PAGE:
Trump says he made up facts about trade deficit in meeting with Trudeau

U.S. President Donald Trump boasted in a fundraising speech in Missouri on Wednesday that he made up facts about trade in a meeting with Prime Minister Justin Trudeau, according to a recording of the comments obtained by the Washington Post.

'I didn't even know' — Trump insisted to Trudeau that U.S. runs a trade deficit with Canada

U.S. President Donald Trump, right, shown with Prime Minister Justin Trudeau at the White House last year, told a fundraiser that after Trudeau told him the U.S. does not have a trade deficit with Canada, he replied, 'Wrong, Justin, you do.' (Jonathan Ernst/Reuters)

U.S. President Donald Trump boasted in a fundraising speech in Missouri on Wednesday that he made up facts about trade in a meeting with Prime Minister Justin Trudeau, according to a recording of the comments obtained by the Washington Post.

The newspaper said in a report posted on its website that Trump had insisted to Trudeau that the United States runs a trade deficit with its neighbour to the north without knowing whether or not that was the case.

Trump said on the recording that after Trudeau told him the U.S. does not have a trade deficit with Canada, he replied, "Wrong, Justin, you do," then added, "I didn't even know ... I had no idea."

The president said he then "sent one of our guys out" to check the prime minister's claim.

"Well, sir, you're actually right," Trump says in the recording. "We have no deficit but that doesn't include energy and timber and when you do, we lose $17 billion a year. It's incredible."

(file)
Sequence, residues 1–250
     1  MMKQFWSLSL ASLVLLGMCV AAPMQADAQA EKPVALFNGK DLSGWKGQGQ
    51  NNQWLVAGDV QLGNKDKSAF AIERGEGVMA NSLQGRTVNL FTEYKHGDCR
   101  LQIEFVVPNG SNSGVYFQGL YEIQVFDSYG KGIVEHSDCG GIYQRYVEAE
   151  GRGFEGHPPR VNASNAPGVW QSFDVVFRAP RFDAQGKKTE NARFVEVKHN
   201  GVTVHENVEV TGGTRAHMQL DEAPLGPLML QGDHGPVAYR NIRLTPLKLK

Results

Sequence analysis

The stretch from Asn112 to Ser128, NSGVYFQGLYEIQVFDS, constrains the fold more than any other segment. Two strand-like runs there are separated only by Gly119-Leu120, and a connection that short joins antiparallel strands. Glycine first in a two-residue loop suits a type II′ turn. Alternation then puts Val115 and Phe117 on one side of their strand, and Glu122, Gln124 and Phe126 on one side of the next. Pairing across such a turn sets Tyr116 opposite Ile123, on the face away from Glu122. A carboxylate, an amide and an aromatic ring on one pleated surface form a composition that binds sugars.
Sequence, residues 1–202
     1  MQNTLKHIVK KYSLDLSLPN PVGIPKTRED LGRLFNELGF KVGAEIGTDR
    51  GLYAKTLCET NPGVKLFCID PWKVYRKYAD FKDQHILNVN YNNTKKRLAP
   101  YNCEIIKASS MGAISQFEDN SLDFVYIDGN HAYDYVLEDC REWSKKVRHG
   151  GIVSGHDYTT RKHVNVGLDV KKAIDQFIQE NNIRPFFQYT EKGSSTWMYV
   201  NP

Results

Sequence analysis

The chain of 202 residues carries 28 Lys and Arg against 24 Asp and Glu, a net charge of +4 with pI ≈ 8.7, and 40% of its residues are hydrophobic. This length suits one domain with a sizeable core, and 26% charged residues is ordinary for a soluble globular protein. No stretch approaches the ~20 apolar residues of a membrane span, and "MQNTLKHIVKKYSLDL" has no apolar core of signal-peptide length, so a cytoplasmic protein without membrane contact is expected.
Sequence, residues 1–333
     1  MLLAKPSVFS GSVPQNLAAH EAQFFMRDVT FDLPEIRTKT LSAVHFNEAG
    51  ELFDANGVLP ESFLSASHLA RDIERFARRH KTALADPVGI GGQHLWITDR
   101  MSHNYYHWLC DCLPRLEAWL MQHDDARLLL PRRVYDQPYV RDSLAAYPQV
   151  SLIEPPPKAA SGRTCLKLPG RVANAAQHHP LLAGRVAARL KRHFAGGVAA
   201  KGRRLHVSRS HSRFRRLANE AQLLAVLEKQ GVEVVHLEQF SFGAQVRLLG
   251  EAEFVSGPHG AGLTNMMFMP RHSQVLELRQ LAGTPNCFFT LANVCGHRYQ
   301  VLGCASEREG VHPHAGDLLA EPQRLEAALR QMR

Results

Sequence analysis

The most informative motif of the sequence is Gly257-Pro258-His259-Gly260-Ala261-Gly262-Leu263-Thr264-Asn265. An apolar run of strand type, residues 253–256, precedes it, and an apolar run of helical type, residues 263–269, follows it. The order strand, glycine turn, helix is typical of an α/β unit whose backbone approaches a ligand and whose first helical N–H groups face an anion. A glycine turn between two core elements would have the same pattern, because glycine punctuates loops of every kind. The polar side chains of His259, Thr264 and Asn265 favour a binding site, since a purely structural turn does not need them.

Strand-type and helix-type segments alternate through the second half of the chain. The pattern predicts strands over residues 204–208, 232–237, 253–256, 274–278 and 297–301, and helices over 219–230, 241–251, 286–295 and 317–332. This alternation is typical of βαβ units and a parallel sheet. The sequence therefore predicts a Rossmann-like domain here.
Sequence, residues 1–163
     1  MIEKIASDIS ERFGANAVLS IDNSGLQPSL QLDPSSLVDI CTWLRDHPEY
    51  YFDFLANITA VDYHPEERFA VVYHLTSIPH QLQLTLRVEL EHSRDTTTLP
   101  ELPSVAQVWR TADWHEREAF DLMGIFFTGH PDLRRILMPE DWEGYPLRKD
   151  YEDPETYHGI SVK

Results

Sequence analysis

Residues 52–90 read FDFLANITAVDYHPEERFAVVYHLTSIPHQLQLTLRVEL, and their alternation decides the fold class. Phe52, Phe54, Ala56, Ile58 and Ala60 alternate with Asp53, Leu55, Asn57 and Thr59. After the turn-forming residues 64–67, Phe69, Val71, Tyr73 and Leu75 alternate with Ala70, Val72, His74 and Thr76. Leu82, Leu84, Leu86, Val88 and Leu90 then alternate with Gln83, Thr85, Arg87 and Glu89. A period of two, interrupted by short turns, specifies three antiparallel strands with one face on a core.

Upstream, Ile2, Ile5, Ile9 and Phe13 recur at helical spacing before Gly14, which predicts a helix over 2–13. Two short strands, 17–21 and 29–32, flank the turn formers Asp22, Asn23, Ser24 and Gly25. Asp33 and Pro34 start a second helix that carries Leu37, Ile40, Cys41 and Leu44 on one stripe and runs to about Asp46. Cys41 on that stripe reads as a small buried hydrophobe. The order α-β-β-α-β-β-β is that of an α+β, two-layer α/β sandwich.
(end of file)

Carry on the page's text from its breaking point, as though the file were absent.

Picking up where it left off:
U.S. President Donald Trump insisted to Prime Minister Justin Trudeau that the U.S. runs a trade deficit with Canada without knowing whether that's true 1:02

Trump regularly bemoans a trade deficit with Canada and complained about it in late February by saying: "We lose a lot with Canada. People don't know it. Canada's very smooth. They have you believe that it's wonderful. And it is, for them. Not wonderful for us."

U.S. runs trade surplus with Canada, U.S. says

But a different story is told in the recently released 2018 White House "Economic Report of the President" — an annual document prepared by Trump's own team which bears his signature and contradicts a number of trade statements and policies already articulated by him.

One example involves the supposed trade deficit with Canada. Trump keeps insisting it exists, but the document he signed states Canada is among the few countries in the world with whom the U.S. runs a surplus.

The document states: "The United States ran a trade surplus of $2.6 billion with Canada on a balance-of-payments basis."

Transport Minister Marc Garneau, chair of the cabinet committee on Canada-U.S. relations, reiterated Thursday his government's long-held stance that it's actually the U.S. that has a trade surplus.

"At this point it's very important to point out that there is over $2 billion a day of trade between our two countries and overall annually the United States has a small surplus with Canada of about $8 billion," he told reporters in Montreal. "So we can talk about balanced trade between the two countries, huge amounts of trade, and this is something we want to continue to improve as we negotiate the NAFTA agreement."

Bruce Heyman, the U.S. ambassador to Canada until January, blasted Trump in a series of tweets early Thursday while also apologizing to Canada for Trump's reported comments.

"Lying to your friends only hurts the relationship," he wrote. "Canada has been there for us thru thick and thin. How can you casually damage this relationship? Shame on you!"

Heyman added that the president is "casually throwing Canada under the bus and this is just wrong."

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